British Prime Minister Theresa May recently made a splash by accusing European Union politicians and officials of seeking to disrupt the UK’s general election, scheduled for 8 June. After a damning account of a ‘disastrous’ dinner between Mrs May and Commission President Jean-Claude Juncker appeared in the German press, the prime minister claimed that the leak (which she attributed to Commission officials) had been “deliberately timed to affect the result of the general election.” In doing so, Mrs May paints a picture of European adversaries who want her to fail at home so as to weaken her negotiating hand in Brussels.
Mrs May is wrong. Most Europeans would like to see her enter Brexit talks with a strong negotiating hand, backed by a decisive majority in parliament. This is because they understand that the primary threat to a sensible Brexit deal will come not from hardcore ‘remainers’ unwilling to accept a severance, but from hardline eurosceptics unwilling to accept any maintenance of ties with Europe. A decisive victory in the upcoming general election would give Mrs May the popular mandate to silence extreme voices and allow her to make the necessary compromises for a deal to happen.
Secondly, the other 27 member states are frankly not that interested in the Brexit negotiations themselves. As much as some countries regret to see the UK go, they have turned the page faster than the UK itself. They have formulated their position and mandated the European Commission to do the negotiating on their behalf. For them, the preservation of the internal market is clearly more important than trade with the UK. Where they concern themselves with Brexit, it is primarily in terms of how the UK’s departure will alter the balance of power between the remaining members, and what political re-orientations will be required to adapt to the new landscape.
For example, there is the balance of power between the eurozone and the remaining eight non-eurozone members. The 19 members may take decisions in order to guarantee the stability of the common currency, affecting non-members – concerning banks, for example. It was primarily Britain’s forceful diplomacy that had secured for the non-members the ability to block or water down some eurozone decisions under certain circumstances. Brexit means the non-members are going to be fewer and politically weaker. As a result, there is now a renewed debate in the Czech republic as to whether joining the eurozone may now be necessary to avoid political marginalisation. Similar debates will likely be seen in other non-member states in the near future.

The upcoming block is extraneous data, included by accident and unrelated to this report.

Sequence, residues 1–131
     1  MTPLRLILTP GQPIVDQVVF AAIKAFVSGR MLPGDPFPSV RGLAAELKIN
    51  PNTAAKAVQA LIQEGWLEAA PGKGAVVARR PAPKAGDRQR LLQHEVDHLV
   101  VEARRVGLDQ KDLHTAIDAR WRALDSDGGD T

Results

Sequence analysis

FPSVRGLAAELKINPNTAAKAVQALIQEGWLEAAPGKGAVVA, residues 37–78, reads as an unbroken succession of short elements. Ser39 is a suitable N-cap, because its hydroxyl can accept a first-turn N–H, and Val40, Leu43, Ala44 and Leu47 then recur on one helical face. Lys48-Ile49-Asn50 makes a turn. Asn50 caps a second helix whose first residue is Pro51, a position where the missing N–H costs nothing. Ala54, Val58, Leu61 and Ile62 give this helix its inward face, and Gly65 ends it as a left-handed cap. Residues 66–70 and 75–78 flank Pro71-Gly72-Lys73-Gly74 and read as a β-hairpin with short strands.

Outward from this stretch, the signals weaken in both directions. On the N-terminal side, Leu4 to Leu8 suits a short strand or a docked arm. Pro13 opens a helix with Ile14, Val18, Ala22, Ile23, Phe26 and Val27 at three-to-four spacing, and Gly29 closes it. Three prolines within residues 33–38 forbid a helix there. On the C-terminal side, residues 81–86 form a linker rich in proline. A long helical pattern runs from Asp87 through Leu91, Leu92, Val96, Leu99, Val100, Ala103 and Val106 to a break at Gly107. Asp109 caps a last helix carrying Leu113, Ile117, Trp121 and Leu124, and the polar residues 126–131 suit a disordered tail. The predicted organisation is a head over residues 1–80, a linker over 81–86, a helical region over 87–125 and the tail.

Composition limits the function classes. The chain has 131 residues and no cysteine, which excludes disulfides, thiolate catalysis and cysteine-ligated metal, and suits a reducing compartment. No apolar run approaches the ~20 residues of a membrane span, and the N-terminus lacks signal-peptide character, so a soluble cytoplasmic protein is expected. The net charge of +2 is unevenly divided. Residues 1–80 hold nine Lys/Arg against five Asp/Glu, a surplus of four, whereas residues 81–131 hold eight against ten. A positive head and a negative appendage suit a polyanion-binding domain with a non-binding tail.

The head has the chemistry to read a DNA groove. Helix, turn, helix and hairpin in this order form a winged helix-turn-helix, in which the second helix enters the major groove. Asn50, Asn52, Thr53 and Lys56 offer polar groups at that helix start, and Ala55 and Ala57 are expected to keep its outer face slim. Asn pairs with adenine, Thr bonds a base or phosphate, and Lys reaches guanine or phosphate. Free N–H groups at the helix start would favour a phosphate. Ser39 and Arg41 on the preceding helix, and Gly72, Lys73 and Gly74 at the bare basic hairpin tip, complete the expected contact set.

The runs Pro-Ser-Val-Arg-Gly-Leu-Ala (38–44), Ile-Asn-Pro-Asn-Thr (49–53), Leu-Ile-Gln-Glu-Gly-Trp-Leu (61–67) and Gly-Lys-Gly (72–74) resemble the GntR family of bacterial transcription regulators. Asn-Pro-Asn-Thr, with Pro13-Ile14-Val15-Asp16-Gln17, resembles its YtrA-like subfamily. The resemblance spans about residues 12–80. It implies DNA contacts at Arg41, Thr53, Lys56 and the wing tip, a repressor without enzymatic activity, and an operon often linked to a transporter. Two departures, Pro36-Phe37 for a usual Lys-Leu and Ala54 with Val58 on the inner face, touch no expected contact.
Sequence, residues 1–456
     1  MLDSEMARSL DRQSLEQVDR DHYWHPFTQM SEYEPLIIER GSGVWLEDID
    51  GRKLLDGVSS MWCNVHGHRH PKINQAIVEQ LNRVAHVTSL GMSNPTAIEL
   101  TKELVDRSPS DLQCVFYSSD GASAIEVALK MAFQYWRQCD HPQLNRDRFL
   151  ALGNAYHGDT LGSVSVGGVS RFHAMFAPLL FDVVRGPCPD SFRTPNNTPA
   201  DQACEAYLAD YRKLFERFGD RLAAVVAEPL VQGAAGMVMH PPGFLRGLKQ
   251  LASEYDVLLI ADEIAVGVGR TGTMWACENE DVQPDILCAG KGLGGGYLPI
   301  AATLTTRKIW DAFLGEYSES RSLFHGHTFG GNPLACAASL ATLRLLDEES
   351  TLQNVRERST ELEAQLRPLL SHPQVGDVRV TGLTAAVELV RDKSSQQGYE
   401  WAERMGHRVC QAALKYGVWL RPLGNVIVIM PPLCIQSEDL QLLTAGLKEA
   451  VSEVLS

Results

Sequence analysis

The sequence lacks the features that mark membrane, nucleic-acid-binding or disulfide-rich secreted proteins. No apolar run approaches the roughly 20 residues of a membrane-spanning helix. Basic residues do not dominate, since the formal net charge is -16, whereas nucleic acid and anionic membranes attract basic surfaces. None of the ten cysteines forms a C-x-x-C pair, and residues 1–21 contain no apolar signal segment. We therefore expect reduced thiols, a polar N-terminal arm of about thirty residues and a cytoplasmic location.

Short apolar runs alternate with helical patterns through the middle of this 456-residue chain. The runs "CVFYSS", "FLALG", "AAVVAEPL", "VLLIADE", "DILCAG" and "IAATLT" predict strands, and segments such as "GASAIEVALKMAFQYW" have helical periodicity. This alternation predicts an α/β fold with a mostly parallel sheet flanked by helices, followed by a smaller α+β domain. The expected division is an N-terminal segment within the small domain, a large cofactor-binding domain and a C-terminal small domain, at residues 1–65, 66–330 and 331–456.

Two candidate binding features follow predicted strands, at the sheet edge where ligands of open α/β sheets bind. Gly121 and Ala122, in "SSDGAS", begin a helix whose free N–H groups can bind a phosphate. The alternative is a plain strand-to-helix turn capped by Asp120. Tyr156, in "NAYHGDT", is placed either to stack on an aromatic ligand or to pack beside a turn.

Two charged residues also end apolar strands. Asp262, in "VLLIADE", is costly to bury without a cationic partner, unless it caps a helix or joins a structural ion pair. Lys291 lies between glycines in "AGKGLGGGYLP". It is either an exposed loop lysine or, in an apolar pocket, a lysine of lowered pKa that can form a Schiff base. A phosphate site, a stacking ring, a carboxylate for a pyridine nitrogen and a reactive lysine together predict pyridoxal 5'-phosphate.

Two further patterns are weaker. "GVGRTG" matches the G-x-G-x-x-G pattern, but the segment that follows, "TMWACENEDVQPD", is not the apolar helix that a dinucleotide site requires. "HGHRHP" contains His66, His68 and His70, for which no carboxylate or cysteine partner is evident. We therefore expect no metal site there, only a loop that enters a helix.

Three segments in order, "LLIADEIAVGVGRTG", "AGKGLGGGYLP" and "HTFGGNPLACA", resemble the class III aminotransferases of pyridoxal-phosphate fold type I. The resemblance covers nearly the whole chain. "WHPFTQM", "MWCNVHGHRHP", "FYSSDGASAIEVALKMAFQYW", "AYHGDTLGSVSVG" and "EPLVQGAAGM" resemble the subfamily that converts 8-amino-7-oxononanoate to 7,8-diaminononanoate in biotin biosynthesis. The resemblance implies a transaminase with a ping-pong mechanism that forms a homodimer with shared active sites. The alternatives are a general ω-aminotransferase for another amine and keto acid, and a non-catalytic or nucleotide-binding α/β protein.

Then there is the balance of power in Europe, which will radically change after Brexit. First of all, Britain's smaller liberal allies in the north, such as The Netherlands and Denmark, realise they will have to foster new relationships across the EU in order to form majorities. They often relied on the strong weight of the UK if they wanted to push or block an issue in Brussels. No more. In the future, they will need many more countries on their side in order to assemble the required amount of votes. This kind of coalition building requires a different tactical approach. It calls for less assertiveness, or in any case less often. Smallish countries like The Netherlands, Belgium, Denmark and Austria will probably, as a result, slowly become more federalist.
Secondly, the north of Europe will lose approximately 12 percent of their voting weight after Brexit. The south will become more powerful. When the Spanish Prime Minister invited some colleagues from southern member states to Madrid for informal talks a few weeks ago, northern capitals suddenly paid attention.
One year ago, many seminars and conferences were titled ‘The Disintegration of Europe’ or ‘The End of Europe’. These titles have largely disappeared. What is debated now is ‘The Future of Europe’, focussing on the relaunch of the Franco-German axis or on flexible integration. The tone is already slightly more upbeat, also helped by the fact that decidedly pro-Europeans won recent elections in Austria and France, and to a certain extent The Netherlands. Brexit will fuel a brutal battle about money, no one has any illusion about that. But the idea of Brexit has largely been digested on the continent. After a long period of stagnation, it even enables them to move forward. This may well be what irks Mrs May the most.
Caroline de Gruyter, a Europe correspondent for NRC Handelsblad, is an ECFR Council member. She is based in Vienna.
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